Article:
When ever you develop a product mix it's important to make sure that you have a high-level frame work to limit missing any "types of items" that could offer opportunity. In my work coaching small markets, hospitality companies, and travel outlets to improve their profitability this is one of the key areas I regularly find opportunities. There's a few ways to help ensure you're not just putting up items in a beverage cooler hoping for the best, but instead be better positioned to meet the needs of customers entering your market.
Here's some tips I would recommend:
- Tweaking in the Mix: Don't let your product mix stay static. Review your entire offering at a minimum every 3 to 6 months. As you know trends develop which may leave big opportunities.
- Brand Recognition: Believe it or not there are so many beverages out there you've never even heard of 1000s of them. Obscure brands all need a fighting chance, but in small food markets or grab and go cases optimizing key brands people like and know is important. Many new items will likely require sampling to gain popularity or purchases at a level worth justifying inclusion.
- Work with multiple beverage vendors. This will help you look at a larger spectrum of offerings in the beverage category. Request top selling item lists from them, and consider which size to offer in your case.
- Think about dollar sales. Do you want to sell cans of soda for a small ring? or would you rather the guest pickup a 20 oz. soda instead. Make sure the items you pick aren't limiting your dollar sales. That doesn't mean not to include certain formats it's simply said to consider the best use of your space and the strategy behind getting bigger rings at the register.
- Ask beverage vendors for a plan-o-grams to see how they would select items and space them out, but don't necessarily follow only their lead. Use this is a guideline for that area of the case they are supplying for.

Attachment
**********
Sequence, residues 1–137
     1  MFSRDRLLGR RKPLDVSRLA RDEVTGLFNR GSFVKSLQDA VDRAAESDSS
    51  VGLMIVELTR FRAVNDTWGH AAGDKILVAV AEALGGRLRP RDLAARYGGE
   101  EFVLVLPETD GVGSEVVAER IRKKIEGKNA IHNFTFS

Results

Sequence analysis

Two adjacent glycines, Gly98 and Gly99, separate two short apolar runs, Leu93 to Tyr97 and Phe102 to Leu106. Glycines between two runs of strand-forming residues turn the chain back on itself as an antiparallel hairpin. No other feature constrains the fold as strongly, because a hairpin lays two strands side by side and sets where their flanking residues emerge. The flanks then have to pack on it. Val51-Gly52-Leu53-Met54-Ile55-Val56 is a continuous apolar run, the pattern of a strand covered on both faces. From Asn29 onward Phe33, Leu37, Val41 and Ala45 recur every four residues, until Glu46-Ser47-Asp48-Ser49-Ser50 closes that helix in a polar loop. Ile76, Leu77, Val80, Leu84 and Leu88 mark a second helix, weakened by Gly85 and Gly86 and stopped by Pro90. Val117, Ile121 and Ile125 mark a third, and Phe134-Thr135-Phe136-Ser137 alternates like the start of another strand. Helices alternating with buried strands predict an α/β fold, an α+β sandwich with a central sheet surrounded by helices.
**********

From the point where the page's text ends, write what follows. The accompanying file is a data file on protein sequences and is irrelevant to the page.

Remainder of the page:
- Be careful about vendor-supplied coolers. A great article was posted a few weeks ago that I shared on Linked In about using equipment given by a supplier. One of the concerns was having vendors dictate only their items in the case. While at first glance this sounds appealing, think about other famous products that might sell better than their weaker items. Should you really take up space? Check out the article from Minus Forty here: Click
- Make sure your cases are well lit: If customers cannot see your offerings well sales will likely suffer.
Make sure you have items for diverse categories: From a quick look online here's a good starting point below:
Carbonated Beverages: Cans, Bottles, Natural, Regular
Bottled Water: carbonated, regular, Spring, varied bottle formats
Energy Drinks and Shots: (Often left out of sets)
Coffee & Tea: Important items include cold brew, and low to high end teas, be conscious of varied caffeine options
Alternative & Specialty Beverages: Any number of unique beverages exist, select items that go well with your food concept, health related & allergen specific items (almond milk, coconut water, etc.)
Juice & Juice Drinks: Breakfast options, kids, healthy
Beer, Etc.: Imports, Local Micros, National Brands, Hard Ciders
Wine & Spirits: Review size options, single service, half to full bottles, varietals
Dairy, Etc.: Milk options, aseptic milk options
Feel free to send me an email if you sense another category would be helpful here that I may have missed: